It is also possible that the industry believes that popular opinion can easily be shifted from favoring informational services to favoring entertainment and shopping. For several years telecommunications industry supporters have been attempting to gain support for deregulation of that industry by citing the wealth of interesting informational services that would be available if this industry was freed from regulatory constraints. Sectors of the industry may well believe that the strength of consumer desire for the Information SuperHighway to meet information needs (as shown in these polls) is a result of this campaign. According to this argument, if popular opinion can be swayed in one direction, it can be swayed back in the other direction Popular discourse would have us believe that the Information SuperHighway will just be a faster, more powerful version of the Internet.

But there are key differences between these two entities, and in many ways they are diametrically opposed models. Privacy The metering that will have to accompany pay-per-view on the Information SuperHighway will need to track everything that an individual looks at (in case s/he wants to challenge the bill). It will also give governmental agencies the opportunity to monitor reading habits. Many times in the past the FBI has tried to view library circulation records to see who has been reading which books.

In the online age, service providers can track everything a user has bought, read, or even looked at. And they plan to sell this information to anyone willing to pay for it. In an age where people engage in a wide variety of activities online, service providers will amass a wealth of demographic and consumption information on each individual. This information will be sold to other organizations who will use it in their marketing campaigns. Some organizations are already using computers and telephone messaging systems to experiment with this kind of demographic targeting.

For example, in mid-1994, Rolling Stone magazine announced a new telephone-based ordering system for music albums. After using previous calls to build "a profile of each caller's tastes ...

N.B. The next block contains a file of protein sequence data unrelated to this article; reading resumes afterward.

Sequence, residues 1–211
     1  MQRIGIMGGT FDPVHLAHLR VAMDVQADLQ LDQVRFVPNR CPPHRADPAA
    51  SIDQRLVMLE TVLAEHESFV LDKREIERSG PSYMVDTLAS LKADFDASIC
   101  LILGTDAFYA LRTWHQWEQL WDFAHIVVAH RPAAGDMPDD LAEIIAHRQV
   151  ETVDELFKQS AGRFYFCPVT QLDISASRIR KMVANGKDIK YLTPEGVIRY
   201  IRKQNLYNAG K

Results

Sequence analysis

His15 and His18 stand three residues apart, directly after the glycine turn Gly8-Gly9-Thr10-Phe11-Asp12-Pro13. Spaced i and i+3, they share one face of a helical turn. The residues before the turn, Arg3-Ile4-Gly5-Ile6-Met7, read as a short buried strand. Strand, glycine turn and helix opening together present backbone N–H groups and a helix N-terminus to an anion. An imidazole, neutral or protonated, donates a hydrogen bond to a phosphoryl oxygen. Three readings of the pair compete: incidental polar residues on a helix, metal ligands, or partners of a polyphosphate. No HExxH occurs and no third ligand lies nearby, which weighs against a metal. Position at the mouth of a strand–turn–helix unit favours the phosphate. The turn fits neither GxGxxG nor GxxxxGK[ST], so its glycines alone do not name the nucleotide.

custom messages will alert them to new releases by their favorite artists or recommend artists based on previous selections. " ("Phone Service Previews Albums" by Laura Evenson, San Francisco Chronicle, 6/30/94, p D1) Some of the early experiments promoted as tests of interactive services on the Information SuperHighway were actually designed to gather demographic data on users. ("Interacting at the Jersey shore: FutureVision courts advertisers for Bell Atlantic's test in Toms River", Advertising Age, May 9, 1994) Conclusion No one can predict the future with certainty. But we can analyze and evaluate predictions by seeing how they fit into patterns. And an analysis of the discourse around the Information SuperHighway shows remarkable similarity to that which surrounded cable TV nearly a quarter-century before.

Though there is no guarantee that the promises of this technology will prove as empty as those of the previous technology, we can safely say that certain powerful groups are more interested in promoting hype than in weighing the possible effects of the Information SuperHighway. The Information SuperHighway will not just be a faster Internet; in fact it is possible that many of the elements that current Internet users consider vital will disappear in the new infrastructure. Though the average consumer will have many more options than they do from their home television today, attempts at mass distribution will likely favor mainstream big-budget programs over those that are controversial or appeal to a narrower audience. It is possible that diversity available from all sources will decrease and independent productions will be even further marginalized.

And the adoption of an asynchronous architecture (a ten-lane highway coming into the library or home with a tiny path leading back out) would pose a significant barrier to those seeking to be information providers, and would favor a model of relatively passive consumption. And the kind of massification and leveling of culture that will follow is likely to be similar to the effects of broadcast television on culture.